A new study out of UCLA estimates that 46 percent of adults in California have prediabetes, a precursor to diabetes marked by high blood sugar. The study suggests the risk is even higher in the San Joaquin Valley. In Fresno County, the rate could be as high as 49 percent.  "It's a major issue of health equity," says Harold Goldstein, executive director of UCLA’s Center for Health Policy Research and author of the study.

Courtesy Fresno Police Department

Dr. William Dominic was riding his bicycle home from work in late February when a car struck him and drove off. Dominic was severely injured and as of Wednesday was still being treated in the hospital.

Amber Kinetics

The Fresno City Council has approved a land lease that will make Fresno the site of an innovative new energy project. Kerry Klein reports from downtown.

California has one of the most aggressive renewable energy policies in the country: by 2030, renewables like solar and wind must produce half of all our energy. But, to meet that goal, we’ll have to get a whole lot better at energy storage.

Kerry Klein

It’s Sunday morning in downtown Fresno, and a classroom full of 10-year olds is about to meet an important visitor: a 2-foot-tall, red and white robot.

“Hello, my name is NAO,” says the robot, standing up on a table.

He looks like a mix between a Transformer and a Power Ranger: big head, square shoulders, and what looks like thick gloves and boots. He can wave his arms, walk, dance, and blink his eyes—just like a tiny human.

“I can recognize your face, answer questions, and even play soccer like a pro,” he continues.

Just two weeks after the start of the semester, the President of Fresno Pacific University has resigned.

In a statement released from the university, outgoing president Pete Menjares said that he and his wife will be moving back to Southern California to be closer to their families and to explore new opportunities.

In the same statement, Board Chair John Thiesen said that Menjares modeled diversity and unity in his two and a half years as university president. Menjares’ wife, Virginia, was also very active in the community and often made appearances with her husband.

NPS Photo

A group of disabled veterans is paying tribute to 9/11 today—not at the memorial in New York, but in Yosemite National Park.

Lasting injuries and prosthetic limbs won’t hold these thirteen veterans back.  They’re hiking and rock climbing to the tops of iconic peaks like El Capitan, Royal Arches, and Ranger Rock—and they’ll all reach the summit today. Some of the ascents, like El Capitan, are known to be extremely challenging even for climbers at their prime.

cawaterchallenge.org

In California, water availability is becoming a serious problem—but that doesn’t mean there aren’t creative solutions.

Developers at a San Francisco non-profit have created the California Water Challenge, an interactive website that aims to teach players about the state’s water problems while prompting them to make difficult decisions about how to solve them.

Noel Perry is the founder of Next 10, the company that created the tool.

Joe Moore / Valley Public Radio

The results are in from the U.S. News and World Report’s latest college rankings: Fresno universities are both up and down from last year.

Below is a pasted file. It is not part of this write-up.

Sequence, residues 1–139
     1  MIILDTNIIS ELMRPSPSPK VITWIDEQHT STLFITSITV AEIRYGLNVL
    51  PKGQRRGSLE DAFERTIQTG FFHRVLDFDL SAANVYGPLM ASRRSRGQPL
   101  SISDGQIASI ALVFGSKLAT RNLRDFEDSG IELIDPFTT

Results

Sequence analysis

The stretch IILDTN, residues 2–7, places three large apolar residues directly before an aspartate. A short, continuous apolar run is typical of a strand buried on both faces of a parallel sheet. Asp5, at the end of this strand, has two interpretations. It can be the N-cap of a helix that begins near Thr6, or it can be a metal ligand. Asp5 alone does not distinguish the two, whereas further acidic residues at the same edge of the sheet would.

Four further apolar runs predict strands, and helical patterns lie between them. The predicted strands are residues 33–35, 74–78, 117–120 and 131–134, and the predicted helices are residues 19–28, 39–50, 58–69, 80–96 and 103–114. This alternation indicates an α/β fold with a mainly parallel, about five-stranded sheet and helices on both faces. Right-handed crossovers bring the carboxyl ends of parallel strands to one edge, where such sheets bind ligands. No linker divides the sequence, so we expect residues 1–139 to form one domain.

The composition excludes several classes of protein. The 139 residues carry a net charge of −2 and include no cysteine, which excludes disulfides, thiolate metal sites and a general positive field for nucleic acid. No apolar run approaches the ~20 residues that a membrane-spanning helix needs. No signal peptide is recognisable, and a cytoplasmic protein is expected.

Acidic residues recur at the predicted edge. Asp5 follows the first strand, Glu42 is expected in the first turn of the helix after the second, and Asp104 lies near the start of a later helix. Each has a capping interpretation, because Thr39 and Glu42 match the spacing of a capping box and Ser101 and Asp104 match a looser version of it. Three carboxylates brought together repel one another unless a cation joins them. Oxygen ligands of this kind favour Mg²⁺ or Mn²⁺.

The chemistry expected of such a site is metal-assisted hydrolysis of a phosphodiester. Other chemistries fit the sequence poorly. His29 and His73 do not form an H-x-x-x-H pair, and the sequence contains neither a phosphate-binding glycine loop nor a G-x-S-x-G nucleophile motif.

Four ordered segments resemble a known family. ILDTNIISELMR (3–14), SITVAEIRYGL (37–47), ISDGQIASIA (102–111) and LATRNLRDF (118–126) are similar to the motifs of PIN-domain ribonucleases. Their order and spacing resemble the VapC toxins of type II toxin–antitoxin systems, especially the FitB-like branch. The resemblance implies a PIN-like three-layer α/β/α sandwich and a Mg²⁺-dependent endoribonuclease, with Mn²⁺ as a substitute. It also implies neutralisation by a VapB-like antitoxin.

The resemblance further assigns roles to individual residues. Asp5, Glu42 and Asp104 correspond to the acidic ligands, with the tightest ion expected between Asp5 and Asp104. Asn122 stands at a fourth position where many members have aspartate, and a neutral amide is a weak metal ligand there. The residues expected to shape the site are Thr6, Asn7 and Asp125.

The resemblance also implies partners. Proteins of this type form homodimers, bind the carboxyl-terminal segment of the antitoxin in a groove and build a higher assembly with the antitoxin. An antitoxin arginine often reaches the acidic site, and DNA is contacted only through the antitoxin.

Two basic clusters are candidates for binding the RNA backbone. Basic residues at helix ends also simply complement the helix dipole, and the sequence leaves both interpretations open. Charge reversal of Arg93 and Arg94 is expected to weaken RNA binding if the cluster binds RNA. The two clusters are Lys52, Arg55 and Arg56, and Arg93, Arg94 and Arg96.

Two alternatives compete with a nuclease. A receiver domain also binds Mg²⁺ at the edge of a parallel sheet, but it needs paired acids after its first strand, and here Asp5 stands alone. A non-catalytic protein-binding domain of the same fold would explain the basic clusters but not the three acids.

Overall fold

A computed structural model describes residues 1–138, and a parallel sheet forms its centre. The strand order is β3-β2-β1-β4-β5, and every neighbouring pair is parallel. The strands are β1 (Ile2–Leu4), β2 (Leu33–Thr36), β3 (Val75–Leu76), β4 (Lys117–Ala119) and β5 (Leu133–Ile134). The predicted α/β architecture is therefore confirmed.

On a list of top regional universities in the west, Fresno State fell ten spots from 36th to 46th place.  When looking at just public regional universities in the west, Fresno State ranked 11th, down 3 spots from last year—behind such schools as Cal Poly and 4 others in the California State University system.

Kevin Krejci / Flickr / Creative Commons

Police in Taft are investigating alleged hazing incidents involving the high school varsity football team.

According to a statement released by the Taft Union High School, in 2 incidents earlier this month, students were subjected to “unacceptable and embarrassing treatment by other players.”

According to the Bakersfield Californian, eight juvenile students have been cited for battery, sexual battery, and false imprisonment, in incidents in and around the locker room.  This comes five years after another hazing episode involving the school’s volleyball team.

Amy Quinton / Capital Public Radio

The community of Seville has received good news: its residents can finally drink their tap water.

With the help of Tulare County and state emergency funding, the unincorporated community last month drilled a new well for its 500 residents—and tests just confirmed that its water is potable.

The community had been struggling for years with high levels of nitrates and leaky pipes.  Ryan Jensen with the Community Water Center says water pressure is also a problem: when it’s too low, contaminants can get in.

Joe Moore / Valley Public Radio

The city of Chowchilla has announced it is placing City Manager Mark Lewis on leave and replacing him with Police Chief Jay Varney.

In a press release, the City said it could not comment on the situation because it involves personnel issues. Before he came to Chowchilla, Lewis was fired from his position as City Manager of Stockton in 2006.

As for police chief Jay Varney, this won’t be his first time leading the city administration: he acted as City Manager for two years before Lewis was hired in 2011. Varney is also currently running for Madera County Sheriff.